“Let us assume, however, that the Moon’s influence is too strong, that the soil is overly enlivened.  In this case, the vitality works up too strongly from below, and something that should occur only in seed formation starts to happen earlier.  When the vitality is too strong, it doesn’t reach all the way to the top; its very intensity makes it start working lower down.  Thus, because of the effect of the Moon, there is insufficient force for seed formation.  The seed incorporates a kind of dying like into itself, and through this dying life a kind of second ground-level is formed above the level of the soil.  Although there is no actual soil up there, the same influences are present.  As a result, the seed, or the upper part of the plant, becomes a kind of soil for other organisms.  Parasites and all kinds of fungi appear – blights and mildews and the like…  Direct perception reveals what I have just described.”

         “So what should we do now?  We need to relieve the soil of the excessive lunar force; we need to find some way of reducing the water’s mediating capacity, of giving the soil more earthiness of the water that is present does not absorb the excess lunar influence.  We accomplish this – though outwardly everything remains the same – by making a fairly concentrated tea out of Equisetum arvense, which we then dilute and use as a kind of liquid manure on the fields where we want to combat blight and similar plant diseases.”


QUESTION: “Can these methods for alleviating plant diseases be applied to vineyards too?

STEINER: “I can only say that I am convinced that the vineyards could have been protected (from Phylloxera devastation) if people had gone about it in the way I have indicated.”

 QUESTION:  ‘What about downy mildew?”

 STEINER: “That can be treated just like any other blight.”

Was Steiner right, does using a tea made from Equisetum arvense prevent disease like powder and downy mildew?  What about other diseases like measles, oak root fungus or even Eutypa?   If the answer is yes, I will immediately convert to Biodynamic farming.                                                                                                                          Stuart Smith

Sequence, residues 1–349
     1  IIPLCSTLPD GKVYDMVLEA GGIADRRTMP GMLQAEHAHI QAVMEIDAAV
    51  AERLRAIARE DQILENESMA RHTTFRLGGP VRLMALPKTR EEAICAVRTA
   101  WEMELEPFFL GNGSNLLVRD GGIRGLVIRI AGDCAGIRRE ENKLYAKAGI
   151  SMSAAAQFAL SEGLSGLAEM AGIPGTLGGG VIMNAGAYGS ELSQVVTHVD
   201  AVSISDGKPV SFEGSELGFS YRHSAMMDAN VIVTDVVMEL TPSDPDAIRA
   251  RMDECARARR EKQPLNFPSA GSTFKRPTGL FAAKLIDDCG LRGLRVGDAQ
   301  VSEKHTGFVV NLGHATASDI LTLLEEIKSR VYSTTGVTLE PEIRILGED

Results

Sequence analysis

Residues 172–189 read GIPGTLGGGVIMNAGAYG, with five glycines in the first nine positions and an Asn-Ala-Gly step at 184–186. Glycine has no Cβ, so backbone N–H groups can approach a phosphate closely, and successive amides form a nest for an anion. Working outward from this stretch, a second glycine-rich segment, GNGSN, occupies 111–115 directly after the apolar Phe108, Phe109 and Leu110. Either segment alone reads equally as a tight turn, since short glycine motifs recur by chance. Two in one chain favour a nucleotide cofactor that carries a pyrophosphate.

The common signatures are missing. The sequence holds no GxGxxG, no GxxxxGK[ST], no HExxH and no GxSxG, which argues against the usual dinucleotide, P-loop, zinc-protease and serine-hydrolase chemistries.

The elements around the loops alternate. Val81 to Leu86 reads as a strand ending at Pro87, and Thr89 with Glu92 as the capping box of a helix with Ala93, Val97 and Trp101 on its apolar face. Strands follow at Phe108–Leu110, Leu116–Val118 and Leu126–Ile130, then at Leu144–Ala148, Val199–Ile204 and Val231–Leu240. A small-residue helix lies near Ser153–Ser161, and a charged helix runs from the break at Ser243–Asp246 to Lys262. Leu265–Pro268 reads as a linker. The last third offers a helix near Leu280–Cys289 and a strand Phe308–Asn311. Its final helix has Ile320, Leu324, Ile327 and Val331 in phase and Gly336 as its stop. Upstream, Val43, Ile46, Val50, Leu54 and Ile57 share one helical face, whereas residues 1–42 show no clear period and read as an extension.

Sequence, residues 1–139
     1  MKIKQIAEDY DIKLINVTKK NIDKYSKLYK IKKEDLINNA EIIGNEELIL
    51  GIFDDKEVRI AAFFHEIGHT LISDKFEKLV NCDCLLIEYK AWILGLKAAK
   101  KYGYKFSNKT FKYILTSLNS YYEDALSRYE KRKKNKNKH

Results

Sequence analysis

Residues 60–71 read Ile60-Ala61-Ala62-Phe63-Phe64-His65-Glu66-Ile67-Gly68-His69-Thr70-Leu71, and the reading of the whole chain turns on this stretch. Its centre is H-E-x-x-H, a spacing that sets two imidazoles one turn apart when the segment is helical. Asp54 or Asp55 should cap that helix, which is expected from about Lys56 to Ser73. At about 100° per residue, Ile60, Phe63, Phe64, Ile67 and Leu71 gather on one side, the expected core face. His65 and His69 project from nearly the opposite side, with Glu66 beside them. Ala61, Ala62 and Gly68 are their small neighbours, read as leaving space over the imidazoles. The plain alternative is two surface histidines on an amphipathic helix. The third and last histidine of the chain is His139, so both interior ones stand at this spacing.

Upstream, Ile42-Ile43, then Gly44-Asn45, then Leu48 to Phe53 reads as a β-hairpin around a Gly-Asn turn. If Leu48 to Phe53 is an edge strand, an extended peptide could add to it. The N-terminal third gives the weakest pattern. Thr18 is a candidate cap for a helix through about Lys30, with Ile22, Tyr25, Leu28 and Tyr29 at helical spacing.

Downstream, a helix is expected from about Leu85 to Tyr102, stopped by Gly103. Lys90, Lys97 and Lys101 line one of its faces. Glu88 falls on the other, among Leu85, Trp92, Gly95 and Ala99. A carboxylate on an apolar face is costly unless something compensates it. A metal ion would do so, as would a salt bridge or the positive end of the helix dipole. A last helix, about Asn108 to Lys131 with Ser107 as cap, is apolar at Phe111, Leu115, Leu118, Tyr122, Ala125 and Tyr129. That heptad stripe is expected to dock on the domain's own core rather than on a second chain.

June 16, 2010

Some years ago I began sensing that America was moving away from embracing science.  I read that fewer students are taking science classes both in high schools and colleges.  It seems to me that consumers are more accepting today of outlandish claims for food supplements, health products and cures for all sorts of ailments.  Anecdotal testimony by actors, neighbors or co-workers carry more weight than what doctors tell us. We’ll run off to an acupuncturist because, as the new age generation, the old and esoteric practices are assumed to be best.  Just look at the controversy over children’s vaccines which “cause” autism.    While serious science in America is moving ahead with marvelous achievements, the contrary seems to be happening within our culture.  I started saying to my friends that Americans appear to be moving forward into the 21st Century by returning to the dark ages, as far as science was concerned.  

 In my world of wine, Biodynamics began to become more visible and seemingly leapfrogged over organic farming as the absolute greenest of all farming techniques by claiming that Biodynamic farming is the “Rolls Royce of organic farming.”   For many years I had a laissez faire attitude toward Biodynamics – didn’t know much about it and didn’t care much – live and let live.  If Biodynamics got the farmer to put more foot prints in the vineyard that was fine with me – more attention to vineyard farming details is always good.   Yes, Biodynamics is a little kooky, but so what— no harm, no foul!

 But that started to change in recent years.  As of 2008, it was reported that there are over 3,500 biodynamic producers in over 40 countries, a very impressive number, along with some very well-known wineries including Domaine de La Romanee Conti, Domaine Leflaive, Domaine Leroy, Grgich Hills, Quintessa, Joseph Phelps, Araujo, Benziger, Qupe.  But what really caught my attention were the claims that Biodynamic  soils were “alive,” that the vines were healthier and can ward off infection better and that the wines made from those grapes more precisely expressed a sense of place and thus the resulting wines were better.   Better than what you ask?  The clear implication was that Biodynamic soils, vineyards and wines are superior in every way than everyone else’s soils, vineyards and wines, and in my book those are fighting words. I didn’t ask for this fight, it came to me – it reminds me of the movie High Noon, re-set into the 21st Century. 

 I now realized that Biodynamics is the poster child for what was bothering me; what happens when a society doesn’t educate its citizens well enough.

Stuart Smith